“Doom” Is the Perfect Game for Quarantined Times
The actual Hell on Earth described in DOOM Eternal sounds frighteningly familiar.
“Nearly 60% of the planet has been consumed by the demons, with the rate of expansion increasing each day. Following the catastrophic failure of virtually every man-made system …” Yada yada yada, enough plot.
The game, released last week, is the latest hyperviolent, heavy-metal-soundtracked release in a video-game franchise that started in 1993. The original title and its myriad sequels revolutionized first-person shooters, 3D gaming environments, player-created content and multiplayer, networked asskicking. Without Doom — and its predecessor, Wolfenstein — we wouldn’t have Quake, GoldenEye, Duke Nukem, Halo, Destiny or even Fortnite.
And we wouldn’t have catharsis. Doom may be over 25 years old, but it’s still the perfect game for those of us stuck at home, secretly panicked and looking for solutions beyond “shelter in place.” Doom’s solutions to a global pandemic? Save the planet with glory kills, chainsaws, meat hooks, flame belches and blood punches. And that’s just in the early levels.
A quick history: The original MS-DOS verions of Doom was launched in 1993. Within the year, it became the number-one most-used program in the entire U.S., even ahead of Microsoft Windows. It was at once complex (3D! Play against people not even in the same room! Make your own levels!) and simple: the plot of each game is pretty much run through Hell (or Hell on Earth, or Hell on the moons of Mars), pick up ridiculous weapons and mow down demons and undead that are constantly coming straight at you.
I know the game more from its immediate follow-ups: 1994’s Doom II and the expanded 1995 Ultimate Doom release, both of which I played in off-hours at the University of Michigan shared computer labs. Starved for more action and without my own computer, I even read two of the Doom-based novels, where some of the heroes on Earth were … Mormons holed up a fortified safe area.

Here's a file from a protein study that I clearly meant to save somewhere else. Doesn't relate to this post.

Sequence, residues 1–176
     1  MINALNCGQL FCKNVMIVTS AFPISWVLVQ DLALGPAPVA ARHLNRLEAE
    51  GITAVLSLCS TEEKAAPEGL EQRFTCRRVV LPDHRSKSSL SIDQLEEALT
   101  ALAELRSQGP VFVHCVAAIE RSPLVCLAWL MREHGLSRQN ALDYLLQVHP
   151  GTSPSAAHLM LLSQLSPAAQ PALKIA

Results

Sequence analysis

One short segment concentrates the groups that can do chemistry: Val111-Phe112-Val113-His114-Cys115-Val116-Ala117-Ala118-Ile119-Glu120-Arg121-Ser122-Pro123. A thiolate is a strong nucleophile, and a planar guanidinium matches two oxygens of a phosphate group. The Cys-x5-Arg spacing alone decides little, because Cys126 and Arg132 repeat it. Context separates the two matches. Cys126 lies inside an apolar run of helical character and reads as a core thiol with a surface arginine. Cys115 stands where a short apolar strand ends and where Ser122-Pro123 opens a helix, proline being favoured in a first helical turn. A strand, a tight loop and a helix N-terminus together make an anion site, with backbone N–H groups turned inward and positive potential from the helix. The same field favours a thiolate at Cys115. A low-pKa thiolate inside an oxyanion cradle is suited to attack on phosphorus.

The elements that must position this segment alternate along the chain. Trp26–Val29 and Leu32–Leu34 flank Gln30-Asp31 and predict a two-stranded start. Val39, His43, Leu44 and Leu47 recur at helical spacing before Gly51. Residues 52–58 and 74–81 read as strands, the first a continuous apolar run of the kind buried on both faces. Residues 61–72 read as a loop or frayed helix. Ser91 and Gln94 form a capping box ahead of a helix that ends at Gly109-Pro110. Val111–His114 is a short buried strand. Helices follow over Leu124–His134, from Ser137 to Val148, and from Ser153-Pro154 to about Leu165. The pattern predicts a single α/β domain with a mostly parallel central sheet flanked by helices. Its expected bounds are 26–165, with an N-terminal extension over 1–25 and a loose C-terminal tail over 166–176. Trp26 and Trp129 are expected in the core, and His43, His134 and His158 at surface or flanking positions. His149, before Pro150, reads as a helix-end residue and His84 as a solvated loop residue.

There’s a simple strategy to Doom, which is basically shoot everything and always be on the run. The one real commonality in each release is that you can’t really hide — you have to keep moving, or you’ll die. It’s by far the most exhilarating and/or stressful game I’ve ever played.
The real legacy of Doom 25+ years after its release, though, is that you can play the game anywhere. Literally, anywhere. The list of devices where someone’s created a playable port of the original Doom includes pretty much every computer and gaming operating system/console, along with non-gaming devices like iPods, Zunes, calculators, cars, toasters, early 2000s digital cameras, digital billboards and even a hacked ATM. It runs on so many unintended devices that there’s an entire Tumblr devoted to it called (natch) It Runs Doom.
(Wanna play it in your browser? Go here — you’ll be up and running, for your life, in seconds.)
After playing the original again and then testing out DOOM Eternal this week — which I love, but it’s early days and I haven’t encounted the Marauders yet — I was surprised at how consistent the game has remained over the years. Sure, the graphics and sound are now infinitly more immersive, but both the first and latest release filled me with equal amounts of anxiousness and bloodthirst.
Best I’ve felt in weeks.
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